Data•Feb 09, 2023
Designing Enterprise Data Architecture: Your Data Culture Journey & 5 Best Practices to Apply Along the Way
In today’s modern tech industry, data is one of the most valuable resources a company can use to improve the quality of their business. With the increased popularity of cloud computing technologies such as Amazon Web Services (AWS), Google Cloud Platform (GCP), and Microsoft Azure, processing and analyzing data has never been more accessible and cost efficient.
Despite these advancements, there is still confusion surrounding the best data architecture practices and frameworks. By implementing a modern enterprise data architecture, businesses can make more data driven decisions and adapt their business model to keep up with changing trends. Here we’ll outline enterprise data architecture principles and a data journey map.
What is Enterprise Data Architecture?
Enterprise data architecture is essentially a plan for a business, usually designed by a data architect, that maps the entire data flow process; it ranges from the initial data ingestion to the eventual analysis of it through a business intelligence (BI) tool, such as Microsoft PowerBI or Amazon QuickSight, or through the development of machine learning models.
It’s important that the data architecture framework includes all applicable tools and technologies associated with the data ecosystem, such as data sources, data transformations, storage, and hardware. Cloud computing platforms enable seamless integration of these data technologies into data architecture, as well as ease of integration into the overall business’ data architecture strategy.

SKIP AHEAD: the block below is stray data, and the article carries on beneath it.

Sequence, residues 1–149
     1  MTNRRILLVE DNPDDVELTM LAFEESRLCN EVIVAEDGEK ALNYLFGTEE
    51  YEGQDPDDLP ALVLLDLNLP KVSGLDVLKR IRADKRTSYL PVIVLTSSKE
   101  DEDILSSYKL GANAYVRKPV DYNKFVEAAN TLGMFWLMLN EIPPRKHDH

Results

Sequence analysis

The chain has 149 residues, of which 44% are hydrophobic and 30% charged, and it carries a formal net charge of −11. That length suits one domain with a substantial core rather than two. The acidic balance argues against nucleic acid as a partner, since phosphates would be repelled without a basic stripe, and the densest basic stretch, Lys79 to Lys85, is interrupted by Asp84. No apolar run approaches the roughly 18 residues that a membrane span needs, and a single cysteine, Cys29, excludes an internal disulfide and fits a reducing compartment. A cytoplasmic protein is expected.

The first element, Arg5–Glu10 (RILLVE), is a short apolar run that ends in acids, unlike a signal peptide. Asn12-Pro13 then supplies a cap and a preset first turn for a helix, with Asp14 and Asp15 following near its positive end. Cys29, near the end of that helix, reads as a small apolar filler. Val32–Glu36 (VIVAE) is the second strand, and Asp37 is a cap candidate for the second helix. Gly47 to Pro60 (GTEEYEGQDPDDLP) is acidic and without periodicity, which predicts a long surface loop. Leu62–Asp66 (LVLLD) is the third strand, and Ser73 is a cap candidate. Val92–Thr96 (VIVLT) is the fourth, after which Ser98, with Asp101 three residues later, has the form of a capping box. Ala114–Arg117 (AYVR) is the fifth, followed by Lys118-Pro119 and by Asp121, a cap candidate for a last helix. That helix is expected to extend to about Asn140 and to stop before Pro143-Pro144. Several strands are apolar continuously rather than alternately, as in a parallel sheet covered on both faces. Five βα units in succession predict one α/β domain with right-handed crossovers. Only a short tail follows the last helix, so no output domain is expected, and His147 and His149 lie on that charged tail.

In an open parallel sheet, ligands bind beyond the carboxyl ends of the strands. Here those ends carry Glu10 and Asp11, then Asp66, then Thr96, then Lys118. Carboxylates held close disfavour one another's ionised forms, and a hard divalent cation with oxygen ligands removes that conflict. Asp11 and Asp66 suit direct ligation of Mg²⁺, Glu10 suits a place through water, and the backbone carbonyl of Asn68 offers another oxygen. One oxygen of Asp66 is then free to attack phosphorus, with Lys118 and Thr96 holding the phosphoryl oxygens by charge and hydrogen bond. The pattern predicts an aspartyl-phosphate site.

Any company that relies heavily on data should have a concrete, overarching enterprise data architecture framework to maximize their potential and efficiency as a business.
The Data Culture Journey and The Data Platform Structure
Credera has designed a data culture journey map that highlights how organizations will mature as they move along their own data culture path. As the organization matures, their cultural approach to data moves forward or to the right on the map below.
Finding Your Place on the Journey
Each business will start at a different point in the journey, as defined by the number of data products that can be delivered in parallel without sacrificing quality or introducing excessive technical debt. One key component that defines your stage of the journey is the maturity of a company’s current data architecture. Identifying where your business stands in the journey is important to identifying the next steps in the journey.
For example, a company with existing legacy technologies may already have legacy data sources but may be able to glean additional value from them, while newer businesses still need to identify and establish appropriate data sources and figure out how to scale up their data operations. Once a company’s position on this data maturity map is established, it will be easier for the rest of your technology to align along the way.
At Credera, we believe the key to enterprise data architecture comes from having a product mindset. Throughout a company’s data journey, they can discover the best utility and assets that can be built from a foundational data platform. This allows an organization to scale up when needed and deliver data products when demand changes
Defining Your Terms
With an abundance of services offered by a multitude of technology companies, it can be challenging to navigate through all the buzzwords associated with data architecture. The data vendor ecosystem is crowded and complex.
Additionally, many companies use the same buzzwords (lakehouse, mesh, DataOps) to have different meanings to suit their platform implementation, which can be intimidating to encounter at first.
The common core platforms for a modern enterprise data architecture are the following:
Amazon Web Services (EMR, Lakeformation, Glue, Redshift)